400 students leave EUHS on Friday amidst rumors of shooting threat
Exeter Unified School District and the Exeter Police Department say “hit list” of names and shooting threat were completely false
By Reggie Ellis @Reggie_SGN
EXETER – In the wake of one of the deadliest school shootings in history, violent threats on school campuses have escalated to the point where rumors are loaded with as much fear as the barrel of a gun.
Rumors about a “hit list” and a school shooting at Exeter Union High School (EUHS) ran rampant last week feeding a panic amongst the students that came to a head on Friday, Feb. 23. What started as an innocent warning from a parent ended up as a full-scale investigation by the Exeter Police Department. Without any suspect, weapons, documents or witnesses, the rumor mill led to a state of anxiety that caused nearly half of the students to leave school for the day prior to lunch.
To complicate matters further, the rumor spread without the aid of social media, primarily in direct contact between students via text messaging and word of mouth. In fact, social media didn’t play a role in the panic until after school administrators and the Exeter Police Department dispelled the myths at a schoolwide assembly.
Jackie Quintero, a senior at Exeter High School, was having a typical day on Feb. 23 listening to music while studying when she first heard the rumor of a student planning to shoot up the school during her second period class. That’s when she noticed her teacher get up, close the blinds, lock the door and begin taking things out of the cabinets “in case students needed to hide in them.”
Quintero said the teacher told her that she could not open a confidential email that was in response to recent rumors about a school shooting so the teacher began “preparing for the worst.” Principal Robert Mayo sent out the confidential email to teachers and staff prior to the assembly letting them know the rumors were not credible and that administrators, in cooperation with the police department, had been “determined to be a false threat,” according to a copy that was sent to the Sun-Gazette by an anonymous source.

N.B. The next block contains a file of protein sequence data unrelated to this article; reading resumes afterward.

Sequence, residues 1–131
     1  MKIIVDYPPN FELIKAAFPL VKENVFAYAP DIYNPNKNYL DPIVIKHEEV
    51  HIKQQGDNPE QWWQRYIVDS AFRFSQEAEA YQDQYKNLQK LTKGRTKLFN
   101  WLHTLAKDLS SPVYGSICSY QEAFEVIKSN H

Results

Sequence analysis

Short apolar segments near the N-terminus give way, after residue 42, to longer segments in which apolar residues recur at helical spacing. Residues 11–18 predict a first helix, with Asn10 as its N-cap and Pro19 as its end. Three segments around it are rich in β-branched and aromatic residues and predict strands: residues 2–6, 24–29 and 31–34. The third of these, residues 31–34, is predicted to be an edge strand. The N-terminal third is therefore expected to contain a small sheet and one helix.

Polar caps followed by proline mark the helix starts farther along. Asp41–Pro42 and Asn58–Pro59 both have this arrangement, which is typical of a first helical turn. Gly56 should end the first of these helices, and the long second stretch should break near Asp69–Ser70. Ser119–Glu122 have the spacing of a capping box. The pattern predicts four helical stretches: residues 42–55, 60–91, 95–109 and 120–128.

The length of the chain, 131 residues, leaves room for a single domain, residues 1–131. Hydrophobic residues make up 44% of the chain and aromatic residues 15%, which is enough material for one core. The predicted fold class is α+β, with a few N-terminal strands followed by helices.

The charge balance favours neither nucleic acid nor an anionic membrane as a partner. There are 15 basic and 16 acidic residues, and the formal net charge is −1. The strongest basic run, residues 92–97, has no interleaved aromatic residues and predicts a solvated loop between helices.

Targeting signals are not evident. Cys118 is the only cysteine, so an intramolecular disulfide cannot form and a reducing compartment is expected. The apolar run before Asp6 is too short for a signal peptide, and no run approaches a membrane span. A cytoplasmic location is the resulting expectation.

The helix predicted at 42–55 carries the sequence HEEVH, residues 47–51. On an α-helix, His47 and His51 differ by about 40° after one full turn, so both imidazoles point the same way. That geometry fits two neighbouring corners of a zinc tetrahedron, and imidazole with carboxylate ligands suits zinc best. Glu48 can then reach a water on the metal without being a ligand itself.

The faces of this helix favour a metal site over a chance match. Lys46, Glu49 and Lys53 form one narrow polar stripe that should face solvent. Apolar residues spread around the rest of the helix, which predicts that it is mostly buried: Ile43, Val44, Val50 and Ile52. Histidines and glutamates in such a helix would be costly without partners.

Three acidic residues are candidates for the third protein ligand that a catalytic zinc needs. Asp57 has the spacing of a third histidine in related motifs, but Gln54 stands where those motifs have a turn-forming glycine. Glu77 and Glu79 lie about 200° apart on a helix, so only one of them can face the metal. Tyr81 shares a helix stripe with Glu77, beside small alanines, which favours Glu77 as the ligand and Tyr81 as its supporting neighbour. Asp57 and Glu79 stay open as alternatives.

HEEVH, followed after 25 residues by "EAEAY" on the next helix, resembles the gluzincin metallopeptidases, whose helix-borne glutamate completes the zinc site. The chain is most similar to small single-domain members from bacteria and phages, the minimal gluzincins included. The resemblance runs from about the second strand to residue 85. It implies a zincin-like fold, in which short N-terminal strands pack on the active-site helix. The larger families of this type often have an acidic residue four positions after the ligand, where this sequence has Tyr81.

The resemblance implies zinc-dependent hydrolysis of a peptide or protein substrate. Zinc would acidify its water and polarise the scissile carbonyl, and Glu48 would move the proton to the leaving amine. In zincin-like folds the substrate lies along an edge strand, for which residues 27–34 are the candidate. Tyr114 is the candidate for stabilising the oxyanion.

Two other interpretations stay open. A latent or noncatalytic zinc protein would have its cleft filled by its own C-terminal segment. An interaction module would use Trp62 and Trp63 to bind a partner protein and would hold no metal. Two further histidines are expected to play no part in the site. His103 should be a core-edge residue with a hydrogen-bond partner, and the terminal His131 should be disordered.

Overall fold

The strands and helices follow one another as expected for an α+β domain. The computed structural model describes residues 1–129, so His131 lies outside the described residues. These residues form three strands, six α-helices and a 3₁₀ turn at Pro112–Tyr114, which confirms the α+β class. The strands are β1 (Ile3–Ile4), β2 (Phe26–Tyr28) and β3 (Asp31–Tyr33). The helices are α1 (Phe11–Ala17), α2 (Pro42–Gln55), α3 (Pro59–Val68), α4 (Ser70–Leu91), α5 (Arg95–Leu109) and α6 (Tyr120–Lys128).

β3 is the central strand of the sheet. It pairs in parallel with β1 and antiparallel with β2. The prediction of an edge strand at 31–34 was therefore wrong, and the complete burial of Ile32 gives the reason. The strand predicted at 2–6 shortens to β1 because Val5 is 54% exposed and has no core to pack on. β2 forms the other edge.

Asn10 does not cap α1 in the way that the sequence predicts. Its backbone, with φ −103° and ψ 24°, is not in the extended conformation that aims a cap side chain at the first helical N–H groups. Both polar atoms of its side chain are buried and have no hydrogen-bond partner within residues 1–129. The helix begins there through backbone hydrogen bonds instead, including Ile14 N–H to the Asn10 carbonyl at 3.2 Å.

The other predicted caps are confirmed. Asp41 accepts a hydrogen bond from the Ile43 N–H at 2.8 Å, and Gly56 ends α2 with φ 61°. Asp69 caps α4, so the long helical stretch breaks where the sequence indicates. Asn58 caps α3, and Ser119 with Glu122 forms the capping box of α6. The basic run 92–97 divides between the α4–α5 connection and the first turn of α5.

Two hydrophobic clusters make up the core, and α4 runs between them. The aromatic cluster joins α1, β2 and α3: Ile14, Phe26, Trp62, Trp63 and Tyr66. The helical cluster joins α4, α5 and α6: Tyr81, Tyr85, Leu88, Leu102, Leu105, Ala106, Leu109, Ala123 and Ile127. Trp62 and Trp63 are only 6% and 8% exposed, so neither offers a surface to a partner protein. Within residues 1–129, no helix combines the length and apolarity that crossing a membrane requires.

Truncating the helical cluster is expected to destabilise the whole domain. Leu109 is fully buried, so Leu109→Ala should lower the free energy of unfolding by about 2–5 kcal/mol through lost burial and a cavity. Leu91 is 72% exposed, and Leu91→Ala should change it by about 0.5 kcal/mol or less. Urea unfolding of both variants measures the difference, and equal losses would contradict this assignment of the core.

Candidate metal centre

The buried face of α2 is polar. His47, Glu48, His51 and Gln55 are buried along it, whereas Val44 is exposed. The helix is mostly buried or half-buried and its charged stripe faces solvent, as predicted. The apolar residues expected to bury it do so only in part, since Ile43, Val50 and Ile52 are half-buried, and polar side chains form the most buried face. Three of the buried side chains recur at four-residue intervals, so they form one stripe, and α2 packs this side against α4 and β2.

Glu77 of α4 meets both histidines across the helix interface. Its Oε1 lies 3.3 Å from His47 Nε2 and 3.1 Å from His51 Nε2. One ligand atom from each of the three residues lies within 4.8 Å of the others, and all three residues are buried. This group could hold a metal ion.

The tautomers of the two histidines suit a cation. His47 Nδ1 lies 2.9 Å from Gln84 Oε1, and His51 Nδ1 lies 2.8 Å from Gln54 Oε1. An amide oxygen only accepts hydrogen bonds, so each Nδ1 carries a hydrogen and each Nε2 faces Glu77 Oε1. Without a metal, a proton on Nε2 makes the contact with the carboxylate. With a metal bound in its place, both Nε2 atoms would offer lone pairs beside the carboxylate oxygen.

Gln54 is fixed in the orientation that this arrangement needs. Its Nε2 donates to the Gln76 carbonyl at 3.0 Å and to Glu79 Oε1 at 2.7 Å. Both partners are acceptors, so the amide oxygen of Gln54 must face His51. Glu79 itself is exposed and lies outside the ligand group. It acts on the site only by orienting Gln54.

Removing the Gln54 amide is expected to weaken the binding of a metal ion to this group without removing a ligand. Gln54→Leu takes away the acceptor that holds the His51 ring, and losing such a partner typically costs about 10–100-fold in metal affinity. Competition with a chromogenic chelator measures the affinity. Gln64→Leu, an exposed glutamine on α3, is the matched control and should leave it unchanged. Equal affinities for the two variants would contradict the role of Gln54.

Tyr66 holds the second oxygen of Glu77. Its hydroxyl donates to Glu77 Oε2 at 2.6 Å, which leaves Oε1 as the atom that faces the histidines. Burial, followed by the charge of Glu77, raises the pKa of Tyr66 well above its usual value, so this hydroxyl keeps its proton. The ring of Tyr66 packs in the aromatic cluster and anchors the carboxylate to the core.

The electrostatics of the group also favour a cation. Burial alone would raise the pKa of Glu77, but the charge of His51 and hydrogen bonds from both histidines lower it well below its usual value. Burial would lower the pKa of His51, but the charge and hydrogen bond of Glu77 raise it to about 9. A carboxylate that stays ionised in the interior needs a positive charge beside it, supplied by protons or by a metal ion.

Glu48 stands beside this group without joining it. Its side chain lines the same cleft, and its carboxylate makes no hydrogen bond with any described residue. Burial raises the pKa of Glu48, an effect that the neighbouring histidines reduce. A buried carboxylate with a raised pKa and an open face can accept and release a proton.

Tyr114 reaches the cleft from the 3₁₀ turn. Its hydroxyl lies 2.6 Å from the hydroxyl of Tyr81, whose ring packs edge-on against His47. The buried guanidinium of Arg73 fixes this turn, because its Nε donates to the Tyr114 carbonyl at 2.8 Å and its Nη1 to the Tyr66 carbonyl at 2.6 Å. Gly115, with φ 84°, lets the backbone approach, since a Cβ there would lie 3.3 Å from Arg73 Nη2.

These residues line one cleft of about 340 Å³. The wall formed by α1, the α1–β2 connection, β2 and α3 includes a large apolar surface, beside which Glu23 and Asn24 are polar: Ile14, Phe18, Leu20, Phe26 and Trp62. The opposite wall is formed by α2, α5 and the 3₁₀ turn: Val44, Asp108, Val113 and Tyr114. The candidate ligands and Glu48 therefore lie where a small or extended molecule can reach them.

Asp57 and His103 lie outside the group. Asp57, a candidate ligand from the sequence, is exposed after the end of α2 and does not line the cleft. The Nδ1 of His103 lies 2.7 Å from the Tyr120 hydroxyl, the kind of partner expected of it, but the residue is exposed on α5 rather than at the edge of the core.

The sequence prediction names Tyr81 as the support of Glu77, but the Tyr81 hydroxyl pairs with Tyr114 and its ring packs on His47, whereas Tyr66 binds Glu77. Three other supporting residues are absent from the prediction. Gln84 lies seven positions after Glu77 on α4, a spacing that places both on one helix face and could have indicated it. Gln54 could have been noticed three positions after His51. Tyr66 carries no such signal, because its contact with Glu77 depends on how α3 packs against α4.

Quintero said she didn’t think much of it until she noticed the hallways were emptier than normal on the way to her next class. When she arrived, the door to the class was locked and Quintero said she started to worry when students were slow to let her in. As students began speculating about the worst, a guidance counsellor came to the class and informed them to go to the gym for a schoolwide assembly. Quintero said she felt uneasy about having the whole school in one building with rumors of a student shooter.
“This is a really bad idea and something is going to happen,” she recalled saying to herself.
Quintero said she and other students began calling their parents to let them know what was happening and to come get them. Quintero said it was extremely tense in the gym as officers were posted at each exit, students were crying and teachers seemed nervous. She said parents were showing up and pulling their kids out of the assembly even before it began.
“My mom said if I didn’t feel safe then me and my brother should go home,” Quintero said.
At the assembly, Superintendent Tim Hire and Principal Robert Mayo reassured students, staff and some parents that they were safe on the EUHS campus and there was no evidence of a hit list or a shooter anywhere, including the vast network of student social media profiles.
“There is no hit list,” Hire emphasized at the assembly.
Fellow senior Candy Quesada said she gathered up her younger sisters during the assembly so that they could stick together and leave campus in case of a shooting. “I was preplanning the worst case scenario in my head, looking at the exits and figuring out an escape plan.”
Hire invited students who had more questions to stay after the assembly but over 400 students left for lunch and never returned to school on Friday. Hire said those that did stay questioned him, school resource officer Kyle Stark and Principal Mayo about how they handled the situation.
After the school day ended on Friday, social media posts began building on the rumors with false reports of police disarming a student at the assembly, the school being on lock down, and that students had actually seen a “hit list” of student names the shooter was targeting. Hire said the rumors were further complicated by posts regarding other Tulare County schools that had made arrests over the last two weeks as well as a story of an arrest in connection with a threat at a school in Exeter, New Hampshire, which mentions a rumor of a “hit list” at an “Exeter High School” and attributes information to the “Exeter Police Department.”